Wednesday, November 25, 2015

Education is not a panacea - III

There are gated communities all over India where the educated rich live cut off from the rest of the country and cribbing about everything that doesn't resemble Singapore. In Geek Nation, Angela Saini describes one such community in the making, Lavasa -  'a metropolis governed mainly by machines' being built in the middle of the Western Ghats, a region rich in bio-diversity and populated by a few tribal villages. It is a half-billion dollar project that is 'the biggest thing to happen to  the Western Ghats since the Cretaceous Period'.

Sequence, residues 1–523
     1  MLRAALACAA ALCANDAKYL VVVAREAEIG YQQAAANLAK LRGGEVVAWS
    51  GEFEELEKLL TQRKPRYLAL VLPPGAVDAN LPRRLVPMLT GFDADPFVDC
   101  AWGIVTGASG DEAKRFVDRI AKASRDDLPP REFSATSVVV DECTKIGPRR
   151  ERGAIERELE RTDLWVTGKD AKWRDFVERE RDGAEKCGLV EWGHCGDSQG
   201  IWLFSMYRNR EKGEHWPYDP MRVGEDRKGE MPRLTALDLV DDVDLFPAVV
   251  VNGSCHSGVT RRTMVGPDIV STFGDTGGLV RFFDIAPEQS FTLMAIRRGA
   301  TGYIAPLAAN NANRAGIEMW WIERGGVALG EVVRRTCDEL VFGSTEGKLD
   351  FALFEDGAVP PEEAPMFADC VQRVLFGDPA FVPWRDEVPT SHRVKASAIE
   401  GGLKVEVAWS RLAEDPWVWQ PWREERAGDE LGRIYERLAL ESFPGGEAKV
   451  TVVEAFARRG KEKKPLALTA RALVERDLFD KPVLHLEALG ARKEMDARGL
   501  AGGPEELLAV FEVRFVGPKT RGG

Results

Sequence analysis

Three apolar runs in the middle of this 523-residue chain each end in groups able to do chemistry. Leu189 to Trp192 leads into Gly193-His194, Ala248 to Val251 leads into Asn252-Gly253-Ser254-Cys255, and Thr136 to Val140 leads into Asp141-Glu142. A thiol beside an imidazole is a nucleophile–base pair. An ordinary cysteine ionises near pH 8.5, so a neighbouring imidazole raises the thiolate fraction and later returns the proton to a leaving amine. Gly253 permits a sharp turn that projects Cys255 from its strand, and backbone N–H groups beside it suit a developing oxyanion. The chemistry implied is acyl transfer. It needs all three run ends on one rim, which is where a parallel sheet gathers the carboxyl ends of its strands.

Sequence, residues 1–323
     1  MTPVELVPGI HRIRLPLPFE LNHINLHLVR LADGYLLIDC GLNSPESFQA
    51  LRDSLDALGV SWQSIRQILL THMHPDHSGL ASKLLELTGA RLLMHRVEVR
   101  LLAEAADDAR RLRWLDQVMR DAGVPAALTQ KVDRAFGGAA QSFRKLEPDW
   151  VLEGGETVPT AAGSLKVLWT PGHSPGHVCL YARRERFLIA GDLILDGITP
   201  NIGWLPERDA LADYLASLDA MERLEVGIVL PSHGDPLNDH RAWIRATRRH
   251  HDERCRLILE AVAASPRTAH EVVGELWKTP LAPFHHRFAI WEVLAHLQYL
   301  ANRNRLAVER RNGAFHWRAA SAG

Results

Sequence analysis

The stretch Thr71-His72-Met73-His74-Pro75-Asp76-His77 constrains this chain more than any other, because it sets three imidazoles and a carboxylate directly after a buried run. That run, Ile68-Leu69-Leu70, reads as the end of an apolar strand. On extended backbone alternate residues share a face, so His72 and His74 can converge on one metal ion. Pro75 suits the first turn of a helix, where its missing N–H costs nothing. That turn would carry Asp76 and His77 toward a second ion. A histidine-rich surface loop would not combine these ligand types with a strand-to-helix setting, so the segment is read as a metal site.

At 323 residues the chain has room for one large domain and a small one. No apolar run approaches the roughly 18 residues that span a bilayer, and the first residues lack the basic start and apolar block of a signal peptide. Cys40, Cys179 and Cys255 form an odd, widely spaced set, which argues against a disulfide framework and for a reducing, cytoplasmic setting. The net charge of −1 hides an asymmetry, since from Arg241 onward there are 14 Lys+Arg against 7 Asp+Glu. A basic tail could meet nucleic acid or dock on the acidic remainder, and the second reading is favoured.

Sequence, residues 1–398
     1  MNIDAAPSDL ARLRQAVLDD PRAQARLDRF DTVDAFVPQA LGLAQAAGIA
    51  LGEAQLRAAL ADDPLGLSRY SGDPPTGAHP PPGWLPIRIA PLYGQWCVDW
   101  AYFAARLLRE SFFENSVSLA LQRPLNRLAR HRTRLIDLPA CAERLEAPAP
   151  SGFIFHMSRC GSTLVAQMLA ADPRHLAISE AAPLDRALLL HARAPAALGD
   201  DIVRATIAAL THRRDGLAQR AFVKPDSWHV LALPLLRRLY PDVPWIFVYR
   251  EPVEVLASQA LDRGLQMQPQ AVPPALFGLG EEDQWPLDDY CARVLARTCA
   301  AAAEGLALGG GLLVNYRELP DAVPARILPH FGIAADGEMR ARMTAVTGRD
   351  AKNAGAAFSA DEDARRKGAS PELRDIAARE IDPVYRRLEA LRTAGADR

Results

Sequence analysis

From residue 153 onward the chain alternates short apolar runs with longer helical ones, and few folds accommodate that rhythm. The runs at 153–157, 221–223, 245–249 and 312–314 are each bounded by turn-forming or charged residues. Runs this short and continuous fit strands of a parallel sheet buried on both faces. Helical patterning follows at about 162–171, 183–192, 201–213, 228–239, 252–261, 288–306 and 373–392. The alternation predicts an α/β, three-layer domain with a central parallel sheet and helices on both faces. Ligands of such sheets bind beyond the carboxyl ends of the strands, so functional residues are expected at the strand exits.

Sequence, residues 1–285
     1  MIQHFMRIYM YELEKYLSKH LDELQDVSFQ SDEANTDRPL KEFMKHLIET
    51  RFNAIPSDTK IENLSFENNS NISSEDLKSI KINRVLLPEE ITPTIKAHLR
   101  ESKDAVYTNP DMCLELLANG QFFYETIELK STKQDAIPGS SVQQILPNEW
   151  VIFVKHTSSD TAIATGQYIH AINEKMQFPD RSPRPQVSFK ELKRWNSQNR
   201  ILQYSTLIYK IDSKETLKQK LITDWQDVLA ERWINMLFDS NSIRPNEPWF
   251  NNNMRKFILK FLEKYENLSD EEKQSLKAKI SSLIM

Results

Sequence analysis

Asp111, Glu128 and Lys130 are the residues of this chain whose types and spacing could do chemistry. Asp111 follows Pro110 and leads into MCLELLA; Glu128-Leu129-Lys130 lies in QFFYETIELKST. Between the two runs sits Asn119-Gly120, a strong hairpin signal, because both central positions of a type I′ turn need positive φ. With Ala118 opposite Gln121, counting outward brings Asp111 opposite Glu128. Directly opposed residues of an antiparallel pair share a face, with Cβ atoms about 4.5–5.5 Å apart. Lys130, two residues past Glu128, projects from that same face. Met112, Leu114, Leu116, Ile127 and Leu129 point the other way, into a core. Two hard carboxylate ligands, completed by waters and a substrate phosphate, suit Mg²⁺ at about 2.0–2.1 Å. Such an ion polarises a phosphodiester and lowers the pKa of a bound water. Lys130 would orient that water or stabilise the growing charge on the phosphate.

It is a surreal place  having an American Diner with staff dancing to Elvis tunes, opulent villas, a state-of-art hospital that looks deserted, delicate fountains, a street that looks as if it was in Italy...It sounds as if the promoter has taken the most picturesque parts of Europe and built a collage in the middle of nowhere.The employees say that it 'will be a city that governs itself' using technology, that it can provide a role model for the rest of India.  I got a feeling similar to what Angela Saini had - a 'feeling as if I've arrived in Jurassic Park but the dinosaurs haven't escaped...yet.'